A fifth of the Maltese population living in private households were at risk of poverty or social exclusion in 2021, according to statistics gathered by the National Statistics Office.

The NSO considered someone to be at-risk-of-poverty or social exclusion if they are in at least one of the following states - at-risk-of-poverty, severely materially and socially deprived, or living in households with very low-work-intensity.

There were 103,329 (20.3%) such people in 2021, corresponding to 20.3% of the population living in private households.


For 2021, the at-risk-of-poverty threshold, set at 60% of the national equivalised income, was calculated at €10,222. Out of the population living in private households, 16.9% were estimated to be at-risk-of poverty, remaining unchanged from the previous year.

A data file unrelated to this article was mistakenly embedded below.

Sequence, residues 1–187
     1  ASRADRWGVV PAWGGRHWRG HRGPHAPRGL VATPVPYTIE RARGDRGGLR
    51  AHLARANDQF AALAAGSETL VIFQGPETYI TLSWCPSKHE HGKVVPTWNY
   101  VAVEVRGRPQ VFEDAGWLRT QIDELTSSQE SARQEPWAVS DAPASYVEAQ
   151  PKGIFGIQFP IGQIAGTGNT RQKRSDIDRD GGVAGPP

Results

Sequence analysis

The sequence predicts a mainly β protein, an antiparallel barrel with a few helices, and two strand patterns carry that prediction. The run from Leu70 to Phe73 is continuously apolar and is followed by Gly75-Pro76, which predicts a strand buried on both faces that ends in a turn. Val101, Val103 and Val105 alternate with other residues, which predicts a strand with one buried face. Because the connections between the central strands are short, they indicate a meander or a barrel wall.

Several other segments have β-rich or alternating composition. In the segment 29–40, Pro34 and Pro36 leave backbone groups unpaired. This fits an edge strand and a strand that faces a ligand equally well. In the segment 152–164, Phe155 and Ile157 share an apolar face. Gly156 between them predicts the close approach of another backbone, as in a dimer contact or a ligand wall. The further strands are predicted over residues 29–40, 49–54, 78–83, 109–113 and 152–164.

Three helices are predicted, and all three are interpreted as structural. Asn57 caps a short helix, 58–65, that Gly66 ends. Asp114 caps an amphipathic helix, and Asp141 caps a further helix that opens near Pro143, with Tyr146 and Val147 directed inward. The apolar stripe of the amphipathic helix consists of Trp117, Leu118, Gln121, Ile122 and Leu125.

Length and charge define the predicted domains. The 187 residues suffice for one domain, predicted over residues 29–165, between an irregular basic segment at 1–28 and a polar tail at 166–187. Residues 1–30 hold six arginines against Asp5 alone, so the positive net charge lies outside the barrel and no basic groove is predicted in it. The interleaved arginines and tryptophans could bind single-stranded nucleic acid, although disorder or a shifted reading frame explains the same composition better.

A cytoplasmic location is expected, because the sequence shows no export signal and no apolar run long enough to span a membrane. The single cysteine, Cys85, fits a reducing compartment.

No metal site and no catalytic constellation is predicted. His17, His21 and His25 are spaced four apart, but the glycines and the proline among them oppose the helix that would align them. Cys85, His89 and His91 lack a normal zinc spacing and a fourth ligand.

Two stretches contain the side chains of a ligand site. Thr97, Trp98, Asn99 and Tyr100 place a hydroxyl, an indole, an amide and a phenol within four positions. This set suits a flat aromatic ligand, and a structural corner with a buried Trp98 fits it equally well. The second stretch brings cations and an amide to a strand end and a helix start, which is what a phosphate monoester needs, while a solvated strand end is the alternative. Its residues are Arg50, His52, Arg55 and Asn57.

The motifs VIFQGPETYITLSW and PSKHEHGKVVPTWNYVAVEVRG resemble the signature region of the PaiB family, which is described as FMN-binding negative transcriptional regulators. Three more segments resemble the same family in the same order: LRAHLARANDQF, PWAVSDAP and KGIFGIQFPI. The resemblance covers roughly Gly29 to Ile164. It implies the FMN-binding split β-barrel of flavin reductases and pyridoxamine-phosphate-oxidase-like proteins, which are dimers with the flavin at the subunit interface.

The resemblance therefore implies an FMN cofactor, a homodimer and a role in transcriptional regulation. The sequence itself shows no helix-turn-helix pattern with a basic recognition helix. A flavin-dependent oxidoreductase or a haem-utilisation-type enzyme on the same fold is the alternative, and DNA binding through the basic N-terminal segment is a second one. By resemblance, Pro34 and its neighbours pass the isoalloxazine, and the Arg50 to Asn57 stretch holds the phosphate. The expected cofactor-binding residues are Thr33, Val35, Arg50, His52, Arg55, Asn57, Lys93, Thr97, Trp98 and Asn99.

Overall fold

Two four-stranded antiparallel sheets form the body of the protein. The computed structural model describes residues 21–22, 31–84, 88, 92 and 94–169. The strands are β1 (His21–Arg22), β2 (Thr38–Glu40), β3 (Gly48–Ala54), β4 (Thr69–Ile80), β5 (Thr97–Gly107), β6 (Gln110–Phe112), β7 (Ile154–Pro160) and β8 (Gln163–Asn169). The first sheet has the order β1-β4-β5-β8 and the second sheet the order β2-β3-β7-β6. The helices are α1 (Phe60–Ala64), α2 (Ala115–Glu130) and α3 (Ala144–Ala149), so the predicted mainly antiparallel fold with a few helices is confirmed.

This is equivalent to around 85,754 persons. The largest share, 28.1%, was registered among elderly persons aged 65 and over. The relative median at-risk-of-poverty gap is an indicator which measures the extent to which the income of those persons who are at-risk-of-poverty falls below the at-risk-of-poverty threshold.

In 2021, this was estimated at 18.3%, an increase of 2.3 percentage points, when compared with a year earlier. 

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